At 11 am, after several hours of breathing above the ventilator, they decided that Maya was awake enough to extubate. Orders were written, the respiratory therapist was called, and plans were made to give her first feeding post-surgery at 2pm. They figured she'd have 15mls, then 30mls at 5pm, and finally her 45mls at 8pm, at which time she'd be taken off the IV and moved back into TCN to be with Bobby. I called Peter with the good news and he told me he was on his way to the hospital from work. I went to pump so that I would be with her when they removed the ventilator.
Peter arrived at 11:45, just moments before the therapist. Soon, she and the nurse were scrubbed in and they pulled the vent. For a few minutes, everything seemed fine. And then Maya began to desat. And her heartrate plummeted. And suddenly, this perfectly pink, chubby baby, who has perfect lungs, began to struggle for every single breath. Her little chest heaved. Her lips turned more purple than pink and her skin was pasty white. Her little fingers were clenched into fists and her chest rattled as she tried desperately to breathe. Thinking that she might have some minor swelling in her trachea, the nurse administered a dose of epinephrine. Nothing. They decided to put her on CPAP, to give her throat a chance to open and the epi to work. Finally, she seemed to be doing a little better. I decided to leave her with Peter to go check on Bobby.
Fifteen minutes later, I get a text message: "Come Back". The chief neonatologist, the nurse practitioner, Maya's nurse, and the respiratory therapist are all working on Maya, who looks so small and fragile on the large table. Alarms are going off. The CRNP is bagging Maya, using a tiny baby-sized mask to breathe for her. Her tiny little chest caves in with each labored breath. Finally, the doctor tells us that they will have to put her back on the vent. And, as they use a fiberoptic tube, the reason why becomes crystal clear. Her trachea is swollen shut.
Normally, this is seen in babies who have been on vents for a long period of time. Either the tube used was too large when she was intubated yesterday and caused the edema, which then became worse when the tube was removed, or she just has a very sensitive body. They have no idea why; these are their best guesses. As they suctioned her, we saw blood in the tube. Her poor little body was just so battered and bruised today. I couldnt kiss it and make it better. I couldnt take anything away. I couldnt even hold her when she sobbed silent cries, unheard because of the tube protruding from her little mouth. I could only stroke her hair, hold her tiny hand, and kiss her forehead, telling her over and over how brave she was and how much I loved her. I have never felt a deeper anguish in my soul than being unable to comfort my child and knowing that I have to allow people to put her in pain in order to help her.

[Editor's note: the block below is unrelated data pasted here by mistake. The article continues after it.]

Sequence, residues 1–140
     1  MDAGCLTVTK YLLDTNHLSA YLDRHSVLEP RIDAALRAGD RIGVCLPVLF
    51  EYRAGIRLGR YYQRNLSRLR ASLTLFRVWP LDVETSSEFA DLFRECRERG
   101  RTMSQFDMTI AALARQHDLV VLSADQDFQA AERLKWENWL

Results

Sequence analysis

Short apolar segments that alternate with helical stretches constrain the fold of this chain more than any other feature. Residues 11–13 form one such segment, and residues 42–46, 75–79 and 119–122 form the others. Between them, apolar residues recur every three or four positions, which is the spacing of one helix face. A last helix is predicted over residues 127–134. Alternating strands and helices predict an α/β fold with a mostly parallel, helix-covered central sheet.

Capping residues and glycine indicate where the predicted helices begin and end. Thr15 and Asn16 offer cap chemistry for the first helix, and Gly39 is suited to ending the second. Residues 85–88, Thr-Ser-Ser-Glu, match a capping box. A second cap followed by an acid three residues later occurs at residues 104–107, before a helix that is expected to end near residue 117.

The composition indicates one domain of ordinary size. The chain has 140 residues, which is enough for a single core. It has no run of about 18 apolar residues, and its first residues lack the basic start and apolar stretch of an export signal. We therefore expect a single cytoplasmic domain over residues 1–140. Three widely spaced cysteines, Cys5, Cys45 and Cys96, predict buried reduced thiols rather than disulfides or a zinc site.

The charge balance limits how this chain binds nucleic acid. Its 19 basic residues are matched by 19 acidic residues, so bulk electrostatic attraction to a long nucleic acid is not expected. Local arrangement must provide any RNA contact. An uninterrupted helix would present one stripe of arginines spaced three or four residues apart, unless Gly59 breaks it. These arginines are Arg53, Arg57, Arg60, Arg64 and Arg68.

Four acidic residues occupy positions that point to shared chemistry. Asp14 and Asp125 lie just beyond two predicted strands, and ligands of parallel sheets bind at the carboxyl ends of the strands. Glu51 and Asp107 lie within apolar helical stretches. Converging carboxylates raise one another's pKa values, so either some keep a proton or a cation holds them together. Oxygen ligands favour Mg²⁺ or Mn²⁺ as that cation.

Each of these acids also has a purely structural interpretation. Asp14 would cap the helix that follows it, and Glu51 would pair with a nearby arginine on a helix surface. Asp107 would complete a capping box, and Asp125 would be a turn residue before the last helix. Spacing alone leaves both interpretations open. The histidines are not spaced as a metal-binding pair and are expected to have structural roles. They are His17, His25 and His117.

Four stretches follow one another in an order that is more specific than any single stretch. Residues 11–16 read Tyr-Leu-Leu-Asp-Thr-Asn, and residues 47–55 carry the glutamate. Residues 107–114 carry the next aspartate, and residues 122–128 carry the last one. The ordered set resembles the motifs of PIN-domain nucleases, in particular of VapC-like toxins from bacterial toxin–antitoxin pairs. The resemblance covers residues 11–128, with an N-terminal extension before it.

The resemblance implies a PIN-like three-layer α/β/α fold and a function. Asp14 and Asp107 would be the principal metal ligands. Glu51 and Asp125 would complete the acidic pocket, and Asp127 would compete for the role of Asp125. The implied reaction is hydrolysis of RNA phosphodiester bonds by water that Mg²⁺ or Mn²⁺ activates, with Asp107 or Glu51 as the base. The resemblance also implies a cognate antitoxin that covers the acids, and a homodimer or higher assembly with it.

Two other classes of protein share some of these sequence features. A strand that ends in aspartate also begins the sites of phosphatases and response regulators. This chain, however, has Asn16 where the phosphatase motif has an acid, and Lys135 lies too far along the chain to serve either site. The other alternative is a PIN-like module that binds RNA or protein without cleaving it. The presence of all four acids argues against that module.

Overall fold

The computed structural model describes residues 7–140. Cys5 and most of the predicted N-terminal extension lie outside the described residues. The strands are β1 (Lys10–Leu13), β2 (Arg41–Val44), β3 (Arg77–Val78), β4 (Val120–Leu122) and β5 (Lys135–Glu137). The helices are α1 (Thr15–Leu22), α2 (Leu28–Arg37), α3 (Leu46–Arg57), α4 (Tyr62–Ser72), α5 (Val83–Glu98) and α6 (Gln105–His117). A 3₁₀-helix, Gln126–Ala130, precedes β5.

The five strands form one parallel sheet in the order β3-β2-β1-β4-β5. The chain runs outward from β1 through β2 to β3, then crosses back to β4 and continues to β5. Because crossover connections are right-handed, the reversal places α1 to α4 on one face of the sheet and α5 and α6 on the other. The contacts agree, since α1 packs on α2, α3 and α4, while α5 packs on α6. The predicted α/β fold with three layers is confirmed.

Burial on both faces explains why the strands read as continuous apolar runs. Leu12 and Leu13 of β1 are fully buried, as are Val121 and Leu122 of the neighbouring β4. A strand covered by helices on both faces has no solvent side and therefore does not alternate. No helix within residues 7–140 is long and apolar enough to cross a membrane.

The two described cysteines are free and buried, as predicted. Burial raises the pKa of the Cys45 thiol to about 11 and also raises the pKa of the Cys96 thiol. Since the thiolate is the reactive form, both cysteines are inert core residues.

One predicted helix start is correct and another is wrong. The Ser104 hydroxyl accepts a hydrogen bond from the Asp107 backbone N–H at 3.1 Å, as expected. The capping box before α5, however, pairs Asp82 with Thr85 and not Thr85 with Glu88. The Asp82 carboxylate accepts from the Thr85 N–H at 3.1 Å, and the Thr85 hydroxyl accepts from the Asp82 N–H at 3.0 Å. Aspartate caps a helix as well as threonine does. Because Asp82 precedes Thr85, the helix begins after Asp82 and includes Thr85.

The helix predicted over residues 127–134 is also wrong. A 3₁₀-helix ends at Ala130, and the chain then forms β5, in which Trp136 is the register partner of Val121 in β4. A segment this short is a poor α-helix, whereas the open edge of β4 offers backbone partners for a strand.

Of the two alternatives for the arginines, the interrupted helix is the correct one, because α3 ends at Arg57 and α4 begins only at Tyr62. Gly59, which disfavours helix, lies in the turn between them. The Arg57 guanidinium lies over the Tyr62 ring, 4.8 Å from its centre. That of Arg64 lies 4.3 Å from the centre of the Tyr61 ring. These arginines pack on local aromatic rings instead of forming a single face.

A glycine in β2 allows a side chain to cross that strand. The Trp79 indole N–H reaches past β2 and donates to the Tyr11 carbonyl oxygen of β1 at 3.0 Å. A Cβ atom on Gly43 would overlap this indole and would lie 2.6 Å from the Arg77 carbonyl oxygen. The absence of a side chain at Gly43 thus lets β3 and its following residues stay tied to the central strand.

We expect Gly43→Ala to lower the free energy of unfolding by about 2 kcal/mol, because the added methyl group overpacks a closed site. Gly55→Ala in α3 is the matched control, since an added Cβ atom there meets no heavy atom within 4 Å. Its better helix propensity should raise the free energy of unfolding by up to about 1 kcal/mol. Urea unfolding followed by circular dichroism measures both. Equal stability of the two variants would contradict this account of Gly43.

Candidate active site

After she was reintubated, they moved her to the last pod in ICN. Her nurse stayed with her, as did we. She was finally stable and we were able to sit by her bedside and just hold her hands while she slept. At 3pm, they moved Bobby from TCN to be next to his sister. He just wanted to look at her the entire time. We had to hold him by her bedside and, if we tried to turn away or put him down, he would squirm and fight us until we moved in such a way that he could see her. When he fell asleep, I put him back in his bed. They were both sleeping soundly when we kissed them goodbye and came home tonight.
Right now, Maya is stable. They introduced 15ml of milk tonight and will continue, assuming she tolerates it well. The plan is to give her steroids tomorrow and then to try extubation on Friday. Hopefully, the meds will held keep her throat from swelling back up. Please pray. Pray that we will be able to hold our little girl on Friday and take away the horrible memories of this week.
She looks much better tonight. Her eyes are slightly puffy instead of deep purple and swollen. She still has a lot of secretions due to the vent tube, but the bleeding has stopped. She is drug free and isnt restless, so we are hoping this means she isnt in any serious pain. She can now open her eyes and focus on us, although she has to have eye drops every hour right now, which blurs her vision (and pisses her off). She's a tough cookie. She still has the strength to fight the nurses as they take her temperature or change her diaper. And our little chunky monkey holds our fingers so tightly that we would have to pry her fingers open to move them. She pushes her feet into Peter's hands for her nightly massage. And she will smile when she's kissed, even though it is hard with the tube... She will look up at us and melt our hearts with her beautiful eyes and little smile...
There are no new pictures... It is hard for us to see her with the tubes and I dont know if we will take pictures of this time... Suffice it to say, however, that she and her brother are still the most beautiful babies. They always will be.
And now, another NICU journey begins. Almost 8 weeks forward, and now 3 days backwards... Hopefully things will be better by the weekend.
Prayers appreciated. Continued prayers requested.